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Growing Trees from Seed: A Practical Guide to Growing Native Trees, Vines and Shrubsby Henry Kock
Synopses & Reviews
Native trees grow much faster than non-native trees. But even experienced horticulturists can be mystified about how nature sows and germinates seeds especially acorns and walnuts.
Thanks to this book, any gardener can now grow trees from seeds within as little as ten years. The secrets are to know what seeds to collect and how to prepare and plant them. From their extensive knowledge, the authors guide the reader in identifying native trees, vines and shrubs and describe howto propagate them.
Growing Trees from Seed covers the ecology, abundance, fruit characteristics and edibility of the more than 200 species discussed in this book. There is expert guidance on when to gather fruits, how to extract seeds from the fruit, and when and how to treat and germinate the seed, plus information on transplanting and expected growth rate. Alerts throughout the book identify closely related non-native species now common to various regions.
Many illustrations and descriptions help the reader with plant identification. A seed-treatment guide provides a handy reference.
Among the trees, vines and shrubs covered are: AldersBeechesBerriesBirchesCedarsCherriesChestnutsClematisDogwoodsElmsFirs and pinesHickoriesJunipersLaurelsMaplesOaksPlumsPoplarsSprucesWalnutsWillows.
There is no better guidebook on how to grow native trees from seed.
"In this comprehensive coffee-table — sized guide, Kock, a Canadian horticulturist who died in 2005, not only shows how to find and propagate native woody plants but also helps readers 'understand plants as members of communities of plants and animals rather than as isolated specimens.' He tells how to differentiate native plants from invasive exotics and how to collect, clean, germinate and plant seeds and set up a nursery, along with intriguing suggestions (keep a toad in a cold frame to eat slugs) and surprising facts (earthworms are not 'native to the glaciated areas of North America, and contrary to popular gardening belief, they do a huge amount of damage by dragging undecomposed organic material into the soil, where it does not belong'). The book's focus is woody plants of the Great Lakes bioregion, but Koch assures that the techniques will apply to other regions and species as well. With beautifully detailed line drawings and color photographs, the book provides both inspiration and knowledge to 'think like a seed... listen to the seed's story as written by the land and water where the seed was formed, and the wind, water, and animals that distribute it.' (Sept.)" Publishers Weekly (Copyright Reed Business Information, Inc.)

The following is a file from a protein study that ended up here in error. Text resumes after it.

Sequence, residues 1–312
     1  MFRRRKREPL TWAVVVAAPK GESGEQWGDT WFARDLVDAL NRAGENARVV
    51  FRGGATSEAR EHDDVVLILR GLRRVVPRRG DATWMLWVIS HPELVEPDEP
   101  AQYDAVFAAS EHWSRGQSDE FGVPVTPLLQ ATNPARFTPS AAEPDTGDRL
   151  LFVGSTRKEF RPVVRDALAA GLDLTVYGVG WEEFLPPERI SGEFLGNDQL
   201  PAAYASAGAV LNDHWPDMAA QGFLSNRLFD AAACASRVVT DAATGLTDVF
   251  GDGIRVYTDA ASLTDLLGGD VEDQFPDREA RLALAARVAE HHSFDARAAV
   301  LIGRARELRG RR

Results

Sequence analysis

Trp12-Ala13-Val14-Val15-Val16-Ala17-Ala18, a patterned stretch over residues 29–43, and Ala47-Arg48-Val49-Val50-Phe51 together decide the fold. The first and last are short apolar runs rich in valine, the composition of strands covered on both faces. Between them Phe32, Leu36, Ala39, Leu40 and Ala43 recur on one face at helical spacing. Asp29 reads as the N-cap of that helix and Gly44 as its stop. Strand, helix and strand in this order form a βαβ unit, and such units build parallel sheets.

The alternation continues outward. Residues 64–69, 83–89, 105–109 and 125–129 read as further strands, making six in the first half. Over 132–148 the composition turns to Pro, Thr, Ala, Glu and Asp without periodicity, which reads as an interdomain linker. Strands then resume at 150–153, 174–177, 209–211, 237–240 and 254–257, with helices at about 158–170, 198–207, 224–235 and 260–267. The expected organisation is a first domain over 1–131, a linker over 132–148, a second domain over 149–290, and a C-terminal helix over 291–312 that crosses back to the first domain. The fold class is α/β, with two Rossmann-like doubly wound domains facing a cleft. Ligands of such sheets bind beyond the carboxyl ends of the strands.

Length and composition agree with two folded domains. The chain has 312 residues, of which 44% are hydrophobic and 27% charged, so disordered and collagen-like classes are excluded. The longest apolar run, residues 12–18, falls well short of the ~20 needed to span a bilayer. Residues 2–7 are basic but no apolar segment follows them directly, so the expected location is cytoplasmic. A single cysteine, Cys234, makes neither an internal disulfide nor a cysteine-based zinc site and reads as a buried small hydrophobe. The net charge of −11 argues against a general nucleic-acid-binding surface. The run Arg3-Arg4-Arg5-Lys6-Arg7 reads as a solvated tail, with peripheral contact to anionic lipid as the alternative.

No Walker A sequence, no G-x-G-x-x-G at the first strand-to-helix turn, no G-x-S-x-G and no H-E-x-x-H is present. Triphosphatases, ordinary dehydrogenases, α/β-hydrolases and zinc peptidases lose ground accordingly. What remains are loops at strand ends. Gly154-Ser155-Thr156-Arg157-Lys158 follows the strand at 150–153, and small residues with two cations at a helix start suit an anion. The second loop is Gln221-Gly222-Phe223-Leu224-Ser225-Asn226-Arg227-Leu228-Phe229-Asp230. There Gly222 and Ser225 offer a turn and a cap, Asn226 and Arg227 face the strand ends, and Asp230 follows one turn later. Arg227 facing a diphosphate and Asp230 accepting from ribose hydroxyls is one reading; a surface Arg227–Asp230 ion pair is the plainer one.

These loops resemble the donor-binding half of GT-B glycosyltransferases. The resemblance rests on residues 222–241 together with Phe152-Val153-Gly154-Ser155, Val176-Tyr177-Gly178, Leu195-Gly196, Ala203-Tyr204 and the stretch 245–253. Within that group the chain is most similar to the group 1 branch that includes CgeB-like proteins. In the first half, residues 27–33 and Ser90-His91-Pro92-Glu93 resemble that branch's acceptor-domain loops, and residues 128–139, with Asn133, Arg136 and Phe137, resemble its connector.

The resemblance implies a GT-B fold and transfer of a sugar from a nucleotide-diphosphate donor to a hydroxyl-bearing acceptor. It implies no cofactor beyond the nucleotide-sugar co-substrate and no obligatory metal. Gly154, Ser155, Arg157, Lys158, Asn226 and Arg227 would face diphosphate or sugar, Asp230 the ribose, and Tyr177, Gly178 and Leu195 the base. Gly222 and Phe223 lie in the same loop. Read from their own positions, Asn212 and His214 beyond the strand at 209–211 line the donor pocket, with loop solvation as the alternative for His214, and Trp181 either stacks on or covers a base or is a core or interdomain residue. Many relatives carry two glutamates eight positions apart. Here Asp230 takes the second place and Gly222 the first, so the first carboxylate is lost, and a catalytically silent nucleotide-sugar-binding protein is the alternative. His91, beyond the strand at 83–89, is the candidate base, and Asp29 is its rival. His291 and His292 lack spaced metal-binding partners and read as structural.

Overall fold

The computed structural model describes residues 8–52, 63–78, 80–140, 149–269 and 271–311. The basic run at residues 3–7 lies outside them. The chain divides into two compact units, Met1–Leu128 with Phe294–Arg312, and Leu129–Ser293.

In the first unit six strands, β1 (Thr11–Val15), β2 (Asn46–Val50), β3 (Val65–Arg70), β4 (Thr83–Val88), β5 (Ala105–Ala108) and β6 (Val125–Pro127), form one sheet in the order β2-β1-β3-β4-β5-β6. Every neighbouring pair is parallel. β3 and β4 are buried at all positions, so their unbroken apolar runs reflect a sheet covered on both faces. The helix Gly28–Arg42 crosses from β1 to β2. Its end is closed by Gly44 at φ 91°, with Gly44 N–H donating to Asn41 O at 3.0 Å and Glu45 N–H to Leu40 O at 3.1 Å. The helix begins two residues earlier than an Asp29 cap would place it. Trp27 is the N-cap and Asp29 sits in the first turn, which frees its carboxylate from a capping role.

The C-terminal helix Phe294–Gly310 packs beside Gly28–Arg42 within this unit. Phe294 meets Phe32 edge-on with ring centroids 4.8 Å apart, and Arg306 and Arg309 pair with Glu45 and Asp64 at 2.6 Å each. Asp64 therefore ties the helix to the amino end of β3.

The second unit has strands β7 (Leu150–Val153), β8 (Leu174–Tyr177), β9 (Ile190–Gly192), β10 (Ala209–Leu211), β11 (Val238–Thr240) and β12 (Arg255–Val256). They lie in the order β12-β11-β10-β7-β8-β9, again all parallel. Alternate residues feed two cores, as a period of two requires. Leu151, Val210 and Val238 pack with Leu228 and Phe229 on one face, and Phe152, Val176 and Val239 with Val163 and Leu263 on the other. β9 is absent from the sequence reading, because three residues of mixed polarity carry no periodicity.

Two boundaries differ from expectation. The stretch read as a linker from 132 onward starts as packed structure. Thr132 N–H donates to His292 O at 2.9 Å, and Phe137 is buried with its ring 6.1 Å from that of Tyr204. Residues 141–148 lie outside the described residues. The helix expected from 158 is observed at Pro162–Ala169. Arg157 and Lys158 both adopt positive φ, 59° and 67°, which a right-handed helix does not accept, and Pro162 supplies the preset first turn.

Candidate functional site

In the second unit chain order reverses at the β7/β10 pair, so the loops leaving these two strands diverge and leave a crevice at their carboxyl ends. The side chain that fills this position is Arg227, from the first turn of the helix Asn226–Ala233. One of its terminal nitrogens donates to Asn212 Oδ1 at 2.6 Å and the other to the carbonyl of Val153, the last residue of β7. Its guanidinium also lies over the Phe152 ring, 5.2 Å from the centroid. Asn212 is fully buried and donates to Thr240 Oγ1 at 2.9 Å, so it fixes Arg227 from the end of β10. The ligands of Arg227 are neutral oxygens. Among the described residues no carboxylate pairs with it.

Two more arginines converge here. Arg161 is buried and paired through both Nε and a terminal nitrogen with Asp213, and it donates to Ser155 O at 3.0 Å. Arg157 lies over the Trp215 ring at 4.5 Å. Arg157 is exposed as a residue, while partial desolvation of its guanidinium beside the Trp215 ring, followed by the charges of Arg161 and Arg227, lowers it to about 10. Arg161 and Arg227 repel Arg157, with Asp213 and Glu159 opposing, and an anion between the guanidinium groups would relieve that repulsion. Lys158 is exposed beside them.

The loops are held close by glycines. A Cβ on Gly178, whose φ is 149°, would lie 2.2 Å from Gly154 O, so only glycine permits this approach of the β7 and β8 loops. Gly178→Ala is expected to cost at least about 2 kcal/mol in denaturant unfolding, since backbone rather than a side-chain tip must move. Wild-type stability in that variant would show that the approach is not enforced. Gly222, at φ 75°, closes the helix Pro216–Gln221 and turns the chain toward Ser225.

It is possible to grow trees from seed within a decade - the secret is to know what seeds to collect and how to prepare and plant them. This book is a well-illustrated guide to the identification and propagation of native trees.
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